Building an Authentic Community of Practice

Blog, Final Blog Post

Solidarity is Our Most Powerful Weapon

A tenant union is a group of tenants from a building, block, or neighborhood that unites to struggle together against a landlord. What’s the problem with landlords?There is a fundamental material difference between a landlord, someone who owns property and infrastructure and a tenant, someone who rents from that owner, especially when it comes to housing. Housing is a basic human need- it should be a right- but in our society with rising rents, evictions, and rampant homelessness, it is treated like a luxury. Landlords make a profit off the backs their working tenants only because they were able to have the wealth to purchase the property- this speaks to the idea of generational wealth and the perpetuation of wealth inequity because the groups of people who have always had wealth and resources, continue to benefit from it no matter what laws or policies are enacted to alleviate these foundational inequities. Tenant unions are a collective formation that is meant to redistribute the power imbalance that exists between landlords and tenants because even though this hierarchy exists to keep the power at the top (landlords), there is power in the collectivization of those that are situated at the bottom of the social hierarchy (tenants).

According to the Metropolitan Council on Housing, “When tenants work together, they can apply more pressure to make a landlord provide services, make repairs, stop harassment, and get the best possible home for the rent they’re paying. A strong tenants’ association can force a landlord to listen. As a group, the tenants can have more leverage to negotiate, file complaints with the city and state agencies that oversee housing, get help from elected officials, go to court, or call a rent strike.” Tenant unions are a tried and true method to build power in your community to create better housing conditions. Great, so how do we start one? When I was doin research I found some existing neighborhood-based tenant unions in Brooklyn where I live. They had some resources that could help anyone who was interested in starting one in their building.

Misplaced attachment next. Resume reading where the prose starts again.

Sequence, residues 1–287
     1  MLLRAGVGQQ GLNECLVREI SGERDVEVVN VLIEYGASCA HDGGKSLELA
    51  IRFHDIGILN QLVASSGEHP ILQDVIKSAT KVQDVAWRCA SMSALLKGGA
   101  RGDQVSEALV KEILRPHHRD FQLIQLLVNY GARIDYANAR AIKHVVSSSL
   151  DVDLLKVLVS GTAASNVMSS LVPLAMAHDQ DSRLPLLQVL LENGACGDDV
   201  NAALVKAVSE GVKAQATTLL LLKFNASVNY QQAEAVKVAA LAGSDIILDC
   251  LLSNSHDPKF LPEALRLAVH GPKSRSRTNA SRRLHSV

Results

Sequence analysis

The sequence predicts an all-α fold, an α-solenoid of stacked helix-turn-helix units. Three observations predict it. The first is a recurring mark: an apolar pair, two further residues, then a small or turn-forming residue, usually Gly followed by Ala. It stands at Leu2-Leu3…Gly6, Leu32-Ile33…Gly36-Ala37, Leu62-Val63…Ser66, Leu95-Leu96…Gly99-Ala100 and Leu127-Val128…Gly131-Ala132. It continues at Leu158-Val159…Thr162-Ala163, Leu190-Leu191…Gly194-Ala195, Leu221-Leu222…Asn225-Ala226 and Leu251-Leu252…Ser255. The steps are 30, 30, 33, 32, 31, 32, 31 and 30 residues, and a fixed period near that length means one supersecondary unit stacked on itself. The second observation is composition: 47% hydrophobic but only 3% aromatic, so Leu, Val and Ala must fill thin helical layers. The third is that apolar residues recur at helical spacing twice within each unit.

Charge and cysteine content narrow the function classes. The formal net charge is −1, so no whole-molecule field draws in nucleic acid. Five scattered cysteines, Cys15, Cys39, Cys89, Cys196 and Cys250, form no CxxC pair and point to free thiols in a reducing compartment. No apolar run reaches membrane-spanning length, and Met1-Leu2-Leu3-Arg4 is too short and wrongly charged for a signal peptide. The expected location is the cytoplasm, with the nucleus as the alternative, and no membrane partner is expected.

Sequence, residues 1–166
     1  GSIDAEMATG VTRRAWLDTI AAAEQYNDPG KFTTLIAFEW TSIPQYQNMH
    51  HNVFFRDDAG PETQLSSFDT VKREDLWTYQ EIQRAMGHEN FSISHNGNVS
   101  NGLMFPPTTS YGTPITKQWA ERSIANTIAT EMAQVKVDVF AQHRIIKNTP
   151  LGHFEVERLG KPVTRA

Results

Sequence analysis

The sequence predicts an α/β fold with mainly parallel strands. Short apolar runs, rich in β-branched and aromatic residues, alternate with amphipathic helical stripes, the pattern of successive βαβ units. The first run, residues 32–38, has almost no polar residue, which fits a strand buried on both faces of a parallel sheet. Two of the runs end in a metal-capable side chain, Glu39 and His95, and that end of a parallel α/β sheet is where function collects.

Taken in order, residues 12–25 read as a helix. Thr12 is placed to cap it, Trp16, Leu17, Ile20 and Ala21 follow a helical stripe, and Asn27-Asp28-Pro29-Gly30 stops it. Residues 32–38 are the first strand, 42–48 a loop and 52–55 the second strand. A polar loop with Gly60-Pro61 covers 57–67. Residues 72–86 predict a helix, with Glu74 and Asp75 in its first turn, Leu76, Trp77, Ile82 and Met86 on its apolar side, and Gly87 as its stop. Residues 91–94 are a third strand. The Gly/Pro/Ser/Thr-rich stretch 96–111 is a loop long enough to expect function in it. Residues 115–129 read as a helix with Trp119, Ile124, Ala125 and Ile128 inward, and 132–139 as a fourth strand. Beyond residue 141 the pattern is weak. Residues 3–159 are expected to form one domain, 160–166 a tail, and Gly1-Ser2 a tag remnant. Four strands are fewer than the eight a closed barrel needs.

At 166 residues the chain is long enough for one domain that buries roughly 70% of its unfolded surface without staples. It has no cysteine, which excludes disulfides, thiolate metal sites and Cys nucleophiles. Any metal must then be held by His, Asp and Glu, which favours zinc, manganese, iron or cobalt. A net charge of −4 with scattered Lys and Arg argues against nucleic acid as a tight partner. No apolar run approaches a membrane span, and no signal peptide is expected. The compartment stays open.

Ultimately, the power of a tenant union comes through coordinated, collective action. So the first step is getting to know your neighbors, having conversations, and building community. One of the traditional and effective ways to do this is through door-knocking or holding social events. You can also call a meeting of your building to talk about the issues- you are within your legal right to use building space like a lobby or courtyard to hold a meeting. Your aim is to build connections and to get to a mutual understanding about building issues. I decided to focus on tenant unions because it addresses the social justice issue of housing, as well as provides a bottom-up, community-centered solution which aligns with my own personal values and ethics. Once your building is organized, you can help organize your block then your neighborhood! You can protect you and your neighbors and your neighborhood from predatory developers that drive up rent, increase evictions, empty apartments, and gentrification! Solidarity is our most powerful weapon. Below, I will add some resources to help you to move toward attaining more knowledge about your building, your rights as a tenant, and some organizing tools to help you to move toward collective power in your building.

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